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A General History and Collection of Voyages and Travels — Volume 01 eBook

Robert Kerr (writer)
This eBook from the Gutenberg Project consists of approximately 647 pages of information about A General History and Collection of Voyages and Travels Volume 01.
discovery made by the modern nations, of which any authentic record now remains, and was almost the only instance of the kind which occurred, from the commencement of the decline of the Roman power, soon after the Christian era, for nearly fourteen centuries.  And as the colonization of Iceland did not begin till A.D. 878, the insertion of this circumstance in the present place, can hardly be considered as at all deviating from the most rigid principles of our plan.

SECTION I

Discovery of Iceland by the Norwegians in the Ninth Century[1].

It were foreign to our present object to attempt any delineation of the piratical, and even frequently conquering expeditions of the various nations of Scandinavia, who, under the names of Angles, Saxons, Jutes, Danes, and Normans, so long harassed the fragments of the Roman empire.  About the year 861, one Naddod, a Nordman or Norwegian vikingr, or chief of a band of freebooters, who, during a voyage to the Faro islands, was thrown by a storm upon the eastern coast of an unknown country, considerably beyond the ordinary course of navigation, to which he gave the significant name of Snio-land, or Snow-land, from the immense quantities of snow which every where covered its numerous lofty mountains, even in the height of summer, and filled its many valleys during a long and dreary winter.  As Naddod gave a rather favourable account of his discovery on his return to Norway, one Gardar Suafarson, of Swedish origin, who was settled in Norway, determined upon making an expedition to Snow-land in 864; and having circumnavigated the whole extent of this new discovery, he named it from himself, Gardars-holm, or Gardars-island.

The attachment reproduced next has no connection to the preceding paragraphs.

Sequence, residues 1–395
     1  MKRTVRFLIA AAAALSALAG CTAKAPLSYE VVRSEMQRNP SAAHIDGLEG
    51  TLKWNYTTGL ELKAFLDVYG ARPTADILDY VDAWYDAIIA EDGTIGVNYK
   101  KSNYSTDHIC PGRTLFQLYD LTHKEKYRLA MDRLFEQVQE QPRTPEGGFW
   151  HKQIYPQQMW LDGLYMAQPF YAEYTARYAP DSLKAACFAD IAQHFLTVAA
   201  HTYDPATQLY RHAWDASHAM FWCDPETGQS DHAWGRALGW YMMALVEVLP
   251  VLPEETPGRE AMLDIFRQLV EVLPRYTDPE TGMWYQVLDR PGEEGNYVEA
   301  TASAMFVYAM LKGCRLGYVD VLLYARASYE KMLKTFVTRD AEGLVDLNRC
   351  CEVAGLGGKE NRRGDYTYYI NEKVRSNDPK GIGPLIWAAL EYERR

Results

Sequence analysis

Gardar employed so long a time in this expedition, that, not deeming it safe to navigate the northern ocean during the storms of winter, he remained on the island until the ensuing spring, when he sailed for Norway.  He there reported, that though the island was entirely covered with wood, it was, in other respects, a fine country.  From the favourable nature of this report, one Flocke, the son of Vigvardar, who had acquired great reputation among the Nordmen or Normans, as an experienced and intrepid vikingr or pirate, resolved to visit the newly-discovered island.  Flocke likewise wintered in the northern part of the island, where he met with immense quantities of drift ice, from which circumstance he chose to give it the name of Iceland, which it still bears.  He was by no means pleased with the country, influenced, no doubt, by the unfavourable impression he had imbibed by spending a long protracted winter on the dreary northern shore, amid almost ever-during arctic ice, and surrounded by the most unpromising sterility; and though some of his companions represented the land as pleasing and fertile, the desire of visiting Iceland seems, for some time, to have lain dormant among the adventurous Norwegian navigators; probably because neither fame nor riches could be acquired, either by traffic or depredation, in a country which was utterly destitute of inhabitants.

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